Unfortunately, things didn’t work out as planned. The Rochester and Pittsburgh went bankrupt and in 1887 all of its assets were sold. The rolling stock and track were converted into the Buffalo, Rochester and Pittsburgh Railroad, which would be absorbed into the Baltimore and Ohio Railroad in 1932.

The company’s steamers apparently went their separate ways. The next mention of the Ashford that I can find is in the 1899 edition of The Blue Book of American Shipping, which gives the owner as one William Barker of Buffalo. The following year the Ashford is listed as one of two steamers owned by William J. Warwick, also of Buffalo. Ten years later the Ashford would be sold to Joseph A. Hutton of Rondout, on the Hudson River. Hutton may have been the final owner – I could find no others listed – and since this was the only steamer he owned, perhaps he was the skipper as well. Was he on board in November 1919 when the Ashford sank near Schenectady? It would be nice to know, but here the trail grows cold.

Here’s an interesting postscript:

In September, 1889, the Bishop, a canal boat towed by the Ashford, collided with the F.  W. Whalen, towed by the steamer Lizzie Crandal, while the two fleets passed each other a few miles west of the location pictured in my scene. Both the Bishop and the Whalen went down, and the owners of the Whalen sued the owners of the Ashford and the Bishop for damages.

The following year the District Court of the Southern District of New York dismissed the suit based on evidence that the Whalen had been on the wrong side of the canal at the time of the collision.

Steamer Hull
The Ashford’s hull is based on that of an 1870s-style laker.
Rebuilding the Ashford

My sources for the model are a high-resolution photo of the Ashford (provided by Bowling Green University), and Robert E. Hagar’s excellent drawings of an 1870s-era laker, held by the Chittenango Landing Canal Boat Museum.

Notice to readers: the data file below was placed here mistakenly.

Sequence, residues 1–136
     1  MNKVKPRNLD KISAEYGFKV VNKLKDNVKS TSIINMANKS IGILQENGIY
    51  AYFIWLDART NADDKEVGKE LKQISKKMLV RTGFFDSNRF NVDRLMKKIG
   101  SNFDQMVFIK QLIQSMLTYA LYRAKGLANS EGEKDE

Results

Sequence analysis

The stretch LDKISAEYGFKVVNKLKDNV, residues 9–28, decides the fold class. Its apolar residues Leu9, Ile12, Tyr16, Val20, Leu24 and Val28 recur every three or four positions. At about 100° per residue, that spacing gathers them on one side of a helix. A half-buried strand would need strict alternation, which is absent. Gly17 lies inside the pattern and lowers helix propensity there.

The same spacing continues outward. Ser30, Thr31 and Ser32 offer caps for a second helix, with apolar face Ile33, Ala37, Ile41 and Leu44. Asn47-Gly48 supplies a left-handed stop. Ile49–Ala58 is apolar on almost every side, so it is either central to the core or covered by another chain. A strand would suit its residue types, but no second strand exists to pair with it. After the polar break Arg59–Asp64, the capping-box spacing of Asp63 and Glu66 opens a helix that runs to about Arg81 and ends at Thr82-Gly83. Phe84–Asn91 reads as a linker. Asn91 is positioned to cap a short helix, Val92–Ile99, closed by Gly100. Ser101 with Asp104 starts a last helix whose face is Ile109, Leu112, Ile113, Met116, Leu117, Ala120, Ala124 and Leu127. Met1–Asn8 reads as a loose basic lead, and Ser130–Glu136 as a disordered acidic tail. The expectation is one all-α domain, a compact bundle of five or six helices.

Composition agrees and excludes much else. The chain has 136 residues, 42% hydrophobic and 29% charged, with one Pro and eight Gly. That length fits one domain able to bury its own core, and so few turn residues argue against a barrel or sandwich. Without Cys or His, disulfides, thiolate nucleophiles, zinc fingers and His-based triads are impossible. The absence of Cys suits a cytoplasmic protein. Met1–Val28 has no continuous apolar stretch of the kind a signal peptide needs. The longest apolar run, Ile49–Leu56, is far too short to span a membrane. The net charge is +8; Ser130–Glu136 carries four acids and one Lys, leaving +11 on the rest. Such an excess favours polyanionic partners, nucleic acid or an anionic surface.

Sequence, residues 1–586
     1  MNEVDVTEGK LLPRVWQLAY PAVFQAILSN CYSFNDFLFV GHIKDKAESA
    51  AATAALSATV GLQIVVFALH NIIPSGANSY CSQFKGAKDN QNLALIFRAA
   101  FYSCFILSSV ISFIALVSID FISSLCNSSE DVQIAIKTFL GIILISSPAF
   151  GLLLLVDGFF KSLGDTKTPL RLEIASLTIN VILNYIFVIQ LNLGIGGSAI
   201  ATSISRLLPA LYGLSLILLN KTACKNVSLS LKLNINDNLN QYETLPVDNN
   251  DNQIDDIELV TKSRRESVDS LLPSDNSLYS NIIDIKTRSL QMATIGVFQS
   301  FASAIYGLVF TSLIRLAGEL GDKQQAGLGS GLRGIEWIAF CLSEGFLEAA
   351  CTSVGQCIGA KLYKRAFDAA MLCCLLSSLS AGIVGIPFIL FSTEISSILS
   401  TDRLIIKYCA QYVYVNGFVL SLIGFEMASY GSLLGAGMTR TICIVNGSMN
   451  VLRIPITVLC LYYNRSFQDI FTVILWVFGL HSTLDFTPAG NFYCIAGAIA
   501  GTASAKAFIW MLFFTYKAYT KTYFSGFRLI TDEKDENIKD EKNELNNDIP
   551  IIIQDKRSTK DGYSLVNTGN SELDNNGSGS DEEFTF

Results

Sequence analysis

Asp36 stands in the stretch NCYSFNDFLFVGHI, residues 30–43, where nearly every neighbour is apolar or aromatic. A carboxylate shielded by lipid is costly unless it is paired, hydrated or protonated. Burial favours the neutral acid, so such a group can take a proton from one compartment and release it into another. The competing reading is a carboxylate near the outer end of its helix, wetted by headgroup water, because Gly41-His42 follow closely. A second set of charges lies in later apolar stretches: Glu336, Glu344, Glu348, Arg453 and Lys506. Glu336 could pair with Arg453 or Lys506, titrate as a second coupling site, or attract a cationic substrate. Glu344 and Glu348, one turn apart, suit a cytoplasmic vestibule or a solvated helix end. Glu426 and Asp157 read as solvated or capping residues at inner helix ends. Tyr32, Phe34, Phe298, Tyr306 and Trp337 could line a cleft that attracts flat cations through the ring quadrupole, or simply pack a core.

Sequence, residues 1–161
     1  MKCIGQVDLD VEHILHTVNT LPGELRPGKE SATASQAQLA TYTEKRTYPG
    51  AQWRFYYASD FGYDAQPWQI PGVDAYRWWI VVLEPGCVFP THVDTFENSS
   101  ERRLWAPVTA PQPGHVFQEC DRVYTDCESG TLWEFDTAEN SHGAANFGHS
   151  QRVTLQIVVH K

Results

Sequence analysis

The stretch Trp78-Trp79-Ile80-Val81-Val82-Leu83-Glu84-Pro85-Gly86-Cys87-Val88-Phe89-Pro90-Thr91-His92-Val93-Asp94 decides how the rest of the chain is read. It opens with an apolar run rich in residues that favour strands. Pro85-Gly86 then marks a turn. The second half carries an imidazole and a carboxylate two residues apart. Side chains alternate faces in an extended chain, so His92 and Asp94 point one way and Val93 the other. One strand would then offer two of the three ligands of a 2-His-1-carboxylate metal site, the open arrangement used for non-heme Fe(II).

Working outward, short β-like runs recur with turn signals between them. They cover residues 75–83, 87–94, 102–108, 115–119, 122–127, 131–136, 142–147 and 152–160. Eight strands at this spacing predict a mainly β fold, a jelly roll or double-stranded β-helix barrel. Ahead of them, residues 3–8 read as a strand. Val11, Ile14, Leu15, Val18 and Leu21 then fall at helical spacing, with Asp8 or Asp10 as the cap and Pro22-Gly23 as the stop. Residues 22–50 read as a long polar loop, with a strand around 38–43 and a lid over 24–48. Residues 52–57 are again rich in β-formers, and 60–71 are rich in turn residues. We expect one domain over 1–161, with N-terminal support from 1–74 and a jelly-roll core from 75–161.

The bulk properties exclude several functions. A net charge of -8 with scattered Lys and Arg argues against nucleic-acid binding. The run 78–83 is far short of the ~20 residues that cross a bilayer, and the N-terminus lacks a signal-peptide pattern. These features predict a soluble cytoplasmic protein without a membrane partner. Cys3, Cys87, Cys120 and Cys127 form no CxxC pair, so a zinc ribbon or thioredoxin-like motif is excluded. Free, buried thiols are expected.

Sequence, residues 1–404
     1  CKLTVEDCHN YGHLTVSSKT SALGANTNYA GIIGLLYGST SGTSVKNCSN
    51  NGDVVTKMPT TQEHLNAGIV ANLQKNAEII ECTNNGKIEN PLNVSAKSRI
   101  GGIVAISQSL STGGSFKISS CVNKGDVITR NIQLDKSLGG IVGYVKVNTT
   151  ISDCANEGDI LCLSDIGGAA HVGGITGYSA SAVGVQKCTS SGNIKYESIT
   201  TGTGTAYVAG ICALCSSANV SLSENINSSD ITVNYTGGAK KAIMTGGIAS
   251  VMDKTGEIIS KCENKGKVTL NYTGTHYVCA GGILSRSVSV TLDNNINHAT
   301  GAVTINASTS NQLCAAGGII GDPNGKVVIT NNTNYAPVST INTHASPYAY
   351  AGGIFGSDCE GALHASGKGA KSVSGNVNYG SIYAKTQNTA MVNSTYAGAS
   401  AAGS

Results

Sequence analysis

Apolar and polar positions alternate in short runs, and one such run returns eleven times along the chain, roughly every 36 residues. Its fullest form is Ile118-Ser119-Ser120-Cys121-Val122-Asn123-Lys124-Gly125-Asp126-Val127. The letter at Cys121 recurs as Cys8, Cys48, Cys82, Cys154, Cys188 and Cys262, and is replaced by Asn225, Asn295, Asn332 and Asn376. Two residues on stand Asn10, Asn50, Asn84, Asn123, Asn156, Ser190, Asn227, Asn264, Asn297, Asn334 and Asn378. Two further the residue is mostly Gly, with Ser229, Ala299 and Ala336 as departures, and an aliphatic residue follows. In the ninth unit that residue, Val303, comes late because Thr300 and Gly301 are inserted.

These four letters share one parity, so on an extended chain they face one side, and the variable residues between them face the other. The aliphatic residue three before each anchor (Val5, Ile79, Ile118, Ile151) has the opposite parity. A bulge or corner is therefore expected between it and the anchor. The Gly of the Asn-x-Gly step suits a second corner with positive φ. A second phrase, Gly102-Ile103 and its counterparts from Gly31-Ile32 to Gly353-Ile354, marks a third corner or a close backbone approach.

The photograph isn’t the best quality, unfortunately, and some detail (especially behind the wheelhouse) is impossible to figure out. As usual, my rule is to leave out details rather than make them up. (The model will be seen at a distance and the stern won’t be prominent, anyway.)

Final Ashford Model
3D model of the Ashford, shaded and ready to be placed in the scene.

Once it’s finished the model is placed in the scene along with the three lakers. Our mighty fleet is at last under way.

Expanding the Fleet

The original laker model is modified to create three different boats, all based on the same basic hull shape.

Our Erie Canal laker model, shunted into digital dry dock last spring, will be expanded into a small fleet for our scene.

Of all the types of boats on the Erie Canal in 1916, the laker was the most common. Unpowered (or, in the jargon of the time, “unrigged”), it was the workhorse of the Erie Canal from the late 19th to the early 20th century. According to a Report on the Ship-Building Industry of the United States, published in 1884 by the U.S. Department of the Interior:

The laker is a regularly framed boat, with perfectly flat bottom, square bilge, perpendicular sides, straight body, round bow and stern, and decked entirely over. It is made of oak and white pine . . . and it is 97 or 98 feet long, 17½ or 17⅔ beam, and 10 or 10½ feet in depth of side. . . .

These boats . . . weigh from 65 to 72 tons, and carry 225 to 240 tons of cargo. They are usually painted white, and the stern is often profusely ornamented by a sign-painter, the name and home port being conspicuously painted in gilt and red and blue letters. About one-half of the boats on the Erie Canal are of this type. Being good for almost any service, these boats . . . are popularly used in forwarding grain from Buffalo and Oswego to New York city [sic] via the canal and the Hudson River.

In 1883 a newly built laker cost an average of $3,800, roughly equivalent to $95,000 today. It would see service for 10 to 15 years, perhaps longer if it were well maintained.